On Saturday, Voices and Votes: Democracy in America—our current Museum on Main Street Tour of Maryland—arrived at The Edward H. Nabb Research Center for Delmarva History and Culture at Salisbury University. Each Voices and Votes host creates a local exhibit to complement the Smithsonian Institution exhibition. The Nabb Center presents Voices and Votes: Democracy on Delmarva, which explores expressions of democracy and highlights stories of rebellion, resistance, and perseverance that have shaped Delmarva’s past and present. Melinda McPeek, the Nabb Center’s Curator of Exhibits and Engagement, gives us some behind the scenes info on the companion exhibit.
When the Nabb Research Center was chosen to host the Smithsonian Museum on Main Street exhibition, Voices and Votes: Democracy in America, it provided an excellent opportunity to dive into our collections in search of stories that exemplified the themes of the exhibit on a local level. Over the past year, Nabb Center staff, students, and interns have been on a quest to find historical documents, images, and artifacts in our collection that would bring to life stories of the people and events that help shaped democracy on Delmarva. The results of this treasure hunt form the companion exhibit, Voices and Votes: Democracy on Delmarva.
Some of the artifacts uncovered include a dairy pail that played an important role in the Wicomico Woman’s Club campaign to keep milk safe from tuberculosis and a 1795 letter to Caesar Augustus Rodney from William Peery that provides a glimpse into the emergence of our nation’s two-party political system.
A curious collection of diplomatic gifts from Brazil led us down the path to discover Maryland’s connection to Rio de Janeiro and the late Governor Tawes’ role in President John F. Kennedy’s Alliance for Progress—a U.S. effort intended to promote democracy and provide aid to Latin American nations. One of the most exciting finds was audio recorded in 1963 by WWDC radio reporters on the streets of Cambridge, Maryland that captures the civil rights movement as it was unfolding on the Eastern Shore of Maryland.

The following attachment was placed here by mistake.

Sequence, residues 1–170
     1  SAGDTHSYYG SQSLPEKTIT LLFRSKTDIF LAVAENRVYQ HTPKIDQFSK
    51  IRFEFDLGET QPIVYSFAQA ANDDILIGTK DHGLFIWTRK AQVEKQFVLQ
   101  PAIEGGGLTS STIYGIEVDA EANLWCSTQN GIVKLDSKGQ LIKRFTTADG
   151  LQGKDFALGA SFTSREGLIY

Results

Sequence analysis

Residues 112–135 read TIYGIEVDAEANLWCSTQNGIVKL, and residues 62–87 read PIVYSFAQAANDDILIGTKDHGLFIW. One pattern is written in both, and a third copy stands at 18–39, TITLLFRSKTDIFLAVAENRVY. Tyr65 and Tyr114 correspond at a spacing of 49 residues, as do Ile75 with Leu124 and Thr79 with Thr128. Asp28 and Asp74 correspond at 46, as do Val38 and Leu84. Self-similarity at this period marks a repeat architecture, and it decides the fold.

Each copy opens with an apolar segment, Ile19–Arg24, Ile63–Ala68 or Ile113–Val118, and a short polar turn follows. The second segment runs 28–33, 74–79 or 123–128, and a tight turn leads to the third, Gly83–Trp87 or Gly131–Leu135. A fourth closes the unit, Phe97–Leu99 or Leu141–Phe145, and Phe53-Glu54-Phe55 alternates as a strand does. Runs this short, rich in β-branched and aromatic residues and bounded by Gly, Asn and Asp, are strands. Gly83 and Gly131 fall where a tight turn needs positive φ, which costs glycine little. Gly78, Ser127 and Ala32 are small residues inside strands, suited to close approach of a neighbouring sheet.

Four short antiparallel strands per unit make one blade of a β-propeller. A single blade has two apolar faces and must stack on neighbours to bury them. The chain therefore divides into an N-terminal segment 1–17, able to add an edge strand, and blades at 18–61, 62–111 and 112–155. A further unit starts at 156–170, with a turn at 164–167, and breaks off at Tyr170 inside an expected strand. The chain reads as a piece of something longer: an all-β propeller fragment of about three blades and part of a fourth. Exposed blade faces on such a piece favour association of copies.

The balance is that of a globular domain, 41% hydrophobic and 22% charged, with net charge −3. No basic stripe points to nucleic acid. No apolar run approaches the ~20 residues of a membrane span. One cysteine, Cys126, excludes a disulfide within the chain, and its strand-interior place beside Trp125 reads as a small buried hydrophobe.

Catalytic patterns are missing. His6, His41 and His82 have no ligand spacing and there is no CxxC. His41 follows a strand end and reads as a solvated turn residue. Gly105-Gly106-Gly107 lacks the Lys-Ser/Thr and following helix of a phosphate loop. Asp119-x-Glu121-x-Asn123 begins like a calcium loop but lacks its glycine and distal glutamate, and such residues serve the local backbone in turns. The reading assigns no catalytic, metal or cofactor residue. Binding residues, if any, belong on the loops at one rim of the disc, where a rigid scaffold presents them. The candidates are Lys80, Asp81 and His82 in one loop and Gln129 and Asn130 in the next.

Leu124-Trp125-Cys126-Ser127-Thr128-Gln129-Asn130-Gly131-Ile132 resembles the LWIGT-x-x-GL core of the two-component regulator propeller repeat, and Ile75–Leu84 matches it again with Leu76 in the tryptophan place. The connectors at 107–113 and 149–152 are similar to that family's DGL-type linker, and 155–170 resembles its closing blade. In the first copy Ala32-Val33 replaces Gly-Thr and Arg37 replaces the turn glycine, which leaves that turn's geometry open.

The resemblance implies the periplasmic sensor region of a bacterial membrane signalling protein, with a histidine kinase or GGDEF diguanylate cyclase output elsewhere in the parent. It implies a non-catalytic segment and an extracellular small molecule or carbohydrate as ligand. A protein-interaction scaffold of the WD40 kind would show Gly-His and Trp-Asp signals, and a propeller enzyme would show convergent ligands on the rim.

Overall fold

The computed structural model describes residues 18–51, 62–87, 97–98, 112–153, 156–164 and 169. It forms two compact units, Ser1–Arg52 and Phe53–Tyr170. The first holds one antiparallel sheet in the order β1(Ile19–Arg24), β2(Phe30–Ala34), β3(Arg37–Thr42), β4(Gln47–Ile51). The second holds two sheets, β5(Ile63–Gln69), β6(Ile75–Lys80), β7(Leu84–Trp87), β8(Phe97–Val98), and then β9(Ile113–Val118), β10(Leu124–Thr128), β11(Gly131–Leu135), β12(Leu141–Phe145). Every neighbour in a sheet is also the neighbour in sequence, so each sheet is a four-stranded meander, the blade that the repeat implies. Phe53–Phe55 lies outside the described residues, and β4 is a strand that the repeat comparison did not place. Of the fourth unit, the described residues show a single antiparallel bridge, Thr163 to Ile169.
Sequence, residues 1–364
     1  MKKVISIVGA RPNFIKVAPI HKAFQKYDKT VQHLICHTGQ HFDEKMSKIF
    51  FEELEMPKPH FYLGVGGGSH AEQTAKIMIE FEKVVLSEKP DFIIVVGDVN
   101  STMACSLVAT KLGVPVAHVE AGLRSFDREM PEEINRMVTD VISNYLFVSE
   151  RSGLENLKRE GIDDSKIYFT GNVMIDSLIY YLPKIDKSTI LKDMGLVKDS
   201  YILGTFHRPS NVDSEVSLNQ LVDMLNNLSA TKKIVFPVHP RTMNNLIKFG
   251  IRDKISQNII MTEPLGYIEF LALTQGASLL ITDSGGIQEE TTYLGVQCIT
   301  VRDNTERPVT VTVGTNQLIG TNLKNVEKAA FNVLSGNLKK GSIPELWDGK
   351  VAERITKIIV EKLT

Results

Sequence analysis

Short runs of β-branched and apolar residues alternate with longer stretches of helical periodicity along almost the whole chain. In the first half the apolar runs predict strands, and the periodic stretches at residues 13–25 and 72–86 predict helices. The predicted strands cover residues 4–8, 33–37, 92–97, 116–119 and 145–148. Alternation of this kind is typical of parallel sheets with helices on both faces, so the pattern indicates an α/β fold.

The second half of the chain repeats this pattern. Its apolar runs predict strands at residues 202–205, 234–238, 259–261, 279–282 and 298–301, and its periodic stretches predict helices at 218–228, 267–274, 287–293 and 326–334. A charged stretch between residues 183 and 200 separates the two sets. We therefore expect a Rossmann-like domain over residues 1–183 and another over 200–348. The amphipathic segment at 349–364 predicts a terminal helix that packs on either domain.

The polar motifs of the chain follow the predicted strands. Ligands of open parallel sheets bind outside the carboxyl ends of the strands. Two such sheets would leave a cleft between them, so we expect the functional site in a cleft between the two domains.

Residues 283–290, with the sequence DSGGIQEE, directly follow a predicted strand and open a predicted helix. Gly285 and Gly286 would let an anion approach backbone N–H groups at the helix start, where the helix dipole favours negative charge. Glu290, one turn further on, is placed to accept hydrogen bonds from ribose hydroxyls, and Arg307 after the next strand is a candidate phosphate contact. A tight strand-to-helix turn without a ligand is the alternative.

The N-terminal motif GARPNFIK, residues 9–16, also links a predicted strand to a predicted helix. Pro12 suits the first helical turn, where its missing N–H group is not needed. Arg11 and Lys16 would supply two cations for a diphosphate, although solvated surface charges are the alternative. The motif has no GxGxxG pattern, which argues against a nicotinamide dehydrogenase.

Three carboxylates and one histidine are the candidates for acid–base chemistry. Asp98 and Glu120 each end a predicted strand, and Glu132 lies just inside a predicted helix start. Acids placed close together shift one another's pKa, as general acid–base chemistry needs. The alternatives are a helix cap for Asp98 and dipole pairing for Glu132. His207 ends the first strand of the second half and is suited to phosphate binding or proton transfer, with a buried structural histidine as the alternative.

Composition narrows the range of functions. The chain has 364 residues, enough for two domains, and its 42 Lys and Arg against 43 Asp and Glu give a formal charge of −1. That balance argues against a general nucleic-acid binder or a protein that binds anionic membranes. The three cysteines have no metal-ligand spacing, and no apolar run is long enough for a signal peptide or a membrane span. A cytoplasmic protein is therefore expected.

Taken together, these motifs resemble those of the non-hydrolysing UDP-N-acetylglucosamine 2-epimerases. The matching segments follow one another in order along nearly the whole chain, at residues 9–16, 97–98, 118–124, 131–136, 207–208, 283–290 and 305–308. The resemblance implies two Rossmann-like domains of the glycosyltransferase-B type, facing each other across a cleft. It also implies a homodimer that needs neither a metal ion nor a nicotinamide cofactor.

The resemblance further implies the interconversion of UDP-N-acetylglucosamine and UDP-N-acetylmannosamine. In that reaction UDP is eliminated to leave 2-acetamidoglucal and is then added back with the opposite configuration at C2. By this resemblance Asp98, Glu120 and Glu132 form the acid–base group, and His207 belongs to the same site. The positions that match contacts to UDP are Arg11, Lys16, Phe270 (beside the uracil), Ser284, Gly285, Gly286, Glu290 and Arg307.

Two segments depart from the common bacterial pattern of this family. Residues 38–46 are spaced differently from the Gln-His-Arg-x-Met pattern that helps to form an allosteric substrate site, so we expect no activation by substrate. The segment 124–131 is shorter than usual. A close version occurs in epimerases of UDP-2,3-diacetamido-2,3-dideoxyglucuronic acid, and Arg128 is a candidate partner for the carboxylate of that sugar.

The Nabb Center also reached out to local area museums and libraries to participate in the exhibit. Several organizations provided stories, photographs, and artifacts that helped broaden the narrative. We are extremely grateful to the Eastern Shore Public Library, Worcester County Library, the Ward Museum, Taylor House Museum, and the Ocean City Life-Saving Museum for contributing to the exhibit.
Being selected by Maryland Humanities to host Voices and Votes and participating in the Museum on Main Street program has been such a rewarding experience. We hope the Voices and Votes exhibits promote discussion and inspire our student and local community to think about the democratic process, activism, civic engagement, and how their voice really can make a difference.
Voices and Votes: Democracy on America is on view at the Nabb Center through September 25: the exhibition arrives at Sandy Spring Museum on October 10. Learn more about the exhibition here.
Nabb Research Center will follow specific COVID safety protocols. The Nabb Center will open to the public on August 30. Prior to then, it will be open to members of Salisbury’s faculty, staff, and student body: members of the public may visit the exhibition before that date on August 17, 19, 24, and 26 from 1:00 to 4:00 p.m. A docent will be stationed downstairs to provide entry. As of August 30, the Nabb Center will be accessible to the public Mondays through Fridays from 10:00 a.m. to 4:00 p.m. through September 25.
Voices and Votes: Democracy on Delmarva is on view in the G. Ray Thompson Gallery on the 4th floor of Salisbury University’s Guerrieri Academic Commons through December 10, 2021. Can’t make it to Salisbury? View the exhibit online. Disclaimer: The views and opinions expressed on our blog do not necessarily reflect the views or position of Maryland Humanities or our funders.